If you're in the neighborhood, it's worth stopping by.
    peace,
    Katharine

    "Granddad was superstitious about books. He thought that if you had enough of them around, education leaked out, like radioactivity." (Terry Pratchett, Johnny and the Dead)
  • Post #5 - November 2nd, 2008, 10:33 pm
    Post #5 - November 2nd, 2008, 10:33 pm Post #5 - November 2nd, 2008, 10:33 pm
    if my memory serves, one of the waitstaff of Al K told me that Sanabel is a result of the split of the brothers that own the Al K bakery (not sure about the restaurant). One kept the bakery next to the restaurant (who also was advertising the .99 pita last time we ate next door), and the other opened up the new shop. haven't had a chance to check it out yet, but glad to hear they're doing well.
  • Post #6 - March 28th, 2009, 4:57 pm
    Post #6 - March 28th, 2009, 4:57 pm Post #6 - March 28th, 2009, 4:57 pm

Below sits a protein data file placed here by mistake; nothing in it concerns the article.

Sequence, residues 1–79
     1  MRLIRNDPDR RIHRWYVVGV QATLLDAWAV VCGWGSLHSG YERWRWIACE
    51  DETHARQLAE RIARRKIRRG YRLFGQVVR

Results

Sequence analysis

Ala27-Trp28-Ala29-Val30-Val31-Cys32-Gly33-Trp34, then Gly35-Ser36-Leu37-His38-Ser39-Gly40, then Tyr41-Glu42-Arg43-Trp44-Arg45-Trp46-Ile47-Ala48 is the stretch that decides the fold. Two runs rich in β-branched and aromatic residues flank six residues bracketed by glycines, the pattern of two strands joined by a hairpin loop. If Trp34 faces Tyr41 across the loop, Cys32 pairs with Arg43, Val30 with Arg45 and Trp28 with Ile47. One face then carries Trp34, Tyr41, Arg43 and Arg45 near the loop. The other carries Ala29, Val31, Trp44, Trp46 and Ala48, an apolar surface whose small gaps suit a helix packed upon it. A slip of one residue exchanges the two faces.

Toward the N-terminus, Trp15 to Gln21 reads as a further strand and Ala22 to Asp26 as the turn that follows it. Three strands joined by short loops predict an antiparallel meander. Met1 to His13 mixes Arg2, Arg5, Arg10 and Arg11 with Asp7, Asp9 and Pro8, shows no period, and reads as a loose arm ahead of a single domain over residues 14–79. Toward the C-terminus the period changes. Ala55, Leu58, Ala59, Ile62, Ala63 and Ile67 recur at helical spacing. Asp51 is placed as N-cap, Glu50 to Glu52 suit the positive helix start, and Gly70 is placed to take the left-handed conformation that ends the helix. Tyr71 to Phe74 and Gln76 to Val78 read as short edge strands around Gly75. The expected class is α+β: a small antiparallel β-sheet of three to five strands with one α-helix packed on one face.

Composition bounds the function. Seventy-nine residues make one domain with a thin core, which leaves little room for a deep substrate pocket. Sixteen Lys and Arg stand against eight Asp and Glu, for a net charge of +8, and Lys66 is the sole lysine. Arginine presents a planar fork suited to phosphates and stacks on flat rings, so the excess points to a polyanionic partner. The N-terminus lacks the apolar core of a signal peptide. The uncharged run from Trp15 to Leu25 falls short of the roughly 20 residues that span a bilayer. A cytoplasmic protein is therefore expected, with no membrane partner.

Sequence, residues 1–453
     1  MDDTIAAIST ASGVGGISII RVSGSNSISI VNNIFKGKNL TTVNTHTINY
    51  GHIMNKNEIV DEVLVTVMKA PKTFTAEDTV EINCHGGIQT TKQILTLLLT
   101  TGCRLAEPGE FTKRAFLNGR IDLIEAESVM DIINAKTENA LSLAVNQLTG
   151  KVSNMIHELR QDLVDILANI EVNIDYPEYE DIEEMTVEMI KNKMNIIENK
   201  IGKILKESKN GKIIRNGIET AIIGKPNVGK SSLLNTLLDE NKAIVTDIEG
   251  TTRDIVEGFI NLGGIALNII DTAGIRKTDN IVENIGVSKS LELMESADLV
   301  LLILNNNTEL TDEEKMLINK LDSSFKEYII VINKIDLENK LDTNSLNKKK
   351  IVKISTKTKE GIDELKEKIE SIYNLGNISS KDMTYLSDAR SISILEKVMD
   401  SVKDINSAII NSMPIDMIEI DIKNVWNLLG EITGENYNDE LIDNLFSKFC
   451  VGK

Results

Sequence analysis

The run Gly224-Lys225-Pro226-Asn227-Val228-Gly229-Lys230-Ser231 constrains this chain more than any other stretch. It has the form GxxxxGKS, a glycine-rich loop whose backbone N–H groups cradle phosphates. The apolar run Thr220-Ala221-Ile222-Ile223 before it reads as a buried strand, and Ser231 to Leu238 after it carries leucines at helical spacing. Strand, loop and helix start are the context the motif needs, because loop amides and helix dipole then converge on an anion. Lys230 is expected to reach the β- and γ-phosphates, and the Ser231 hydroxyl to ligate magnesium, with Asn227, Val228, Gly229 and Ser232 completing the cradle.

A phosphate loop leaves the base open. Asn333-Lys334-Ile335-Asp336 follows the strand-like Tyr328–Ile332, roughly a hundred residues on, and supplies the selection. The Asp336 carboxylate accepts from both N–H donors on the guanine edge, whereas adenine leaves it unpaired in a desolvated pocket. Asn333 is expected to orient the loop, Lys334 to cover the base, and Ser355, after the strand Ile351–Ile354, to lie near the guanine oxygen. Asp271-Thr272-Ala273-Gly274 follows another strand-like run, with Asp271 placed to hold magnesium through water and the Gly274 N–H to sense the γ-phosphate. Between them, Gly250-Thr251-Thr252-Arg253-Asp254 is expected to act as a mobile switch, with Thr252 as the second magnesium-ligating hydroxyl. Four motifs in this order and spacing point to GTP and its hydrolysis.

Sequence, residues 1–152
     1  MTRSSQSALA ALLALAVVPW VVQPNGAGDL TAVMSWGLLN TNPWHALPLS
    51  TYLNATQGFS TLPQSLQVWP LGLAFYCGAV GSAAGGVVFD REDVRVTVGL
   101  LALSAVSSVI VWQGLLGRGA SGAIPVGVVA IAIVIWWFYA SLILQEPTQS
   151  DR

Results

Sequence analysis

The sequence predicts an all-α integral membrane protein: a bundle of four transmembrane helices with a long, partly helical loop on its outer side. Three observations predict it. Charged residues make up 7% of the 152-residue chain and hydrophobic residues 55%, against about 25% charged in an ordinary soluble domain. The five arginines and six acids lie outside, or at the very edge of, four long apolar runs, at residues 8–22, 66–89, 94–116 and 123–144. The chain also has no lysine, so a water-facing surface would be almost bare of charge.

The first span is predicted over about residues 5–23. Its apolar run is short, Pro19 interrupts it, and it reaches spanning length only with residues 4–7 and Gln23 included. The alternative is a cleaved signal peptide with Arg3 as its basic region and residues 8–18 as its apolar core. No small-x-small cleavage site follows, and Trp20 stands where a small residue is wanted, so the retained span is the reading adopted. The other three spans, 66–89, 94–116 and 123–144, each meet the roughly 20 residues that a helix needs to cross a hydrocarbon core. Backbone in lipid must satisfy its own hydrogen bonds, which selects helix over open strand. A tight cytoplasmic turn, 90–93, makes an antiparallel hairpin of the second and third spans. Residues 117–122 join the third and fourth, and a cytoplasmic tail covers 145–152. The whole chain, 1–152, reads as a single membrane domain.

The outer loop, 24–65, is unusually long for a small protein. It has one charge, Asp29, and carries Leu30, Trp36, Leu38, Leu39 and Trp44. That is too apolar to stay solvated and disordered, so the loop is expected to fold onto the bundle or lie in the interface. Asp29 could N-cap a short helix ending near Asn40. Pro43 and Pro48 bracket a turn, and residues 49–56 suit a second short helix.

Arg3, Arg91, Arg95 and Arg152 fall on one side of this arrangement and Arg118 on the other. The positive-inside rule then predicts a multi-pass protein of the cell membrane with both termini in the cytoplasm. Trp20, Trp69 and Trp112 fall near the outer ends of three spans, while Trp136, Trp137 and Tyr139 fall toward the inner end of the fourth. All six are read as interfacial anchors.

ekreider wrote:We stopped in this afternoon and bought a bag of warm pita, 10 for 99 cents now but probably not for long.

    Ekreider,

    Eight months later 10-pita are still .99c, fresh, warm tasty pita, a real bargain. Sanabel now has dry goods, a variety of baked goods and a friendly woman was behind the counter. It's no longer simply an open industrial space.

    I had just come from lunch at Salam and kept my purchases to a minimum, pita and flat bread half/half cheese/za'atar, which was terrific for breakfast the next day.

    Friendly vibe, quality products, inexpensive, too bad it's taken me eight months to check Sanabel out.

    Enjoy,
    Gary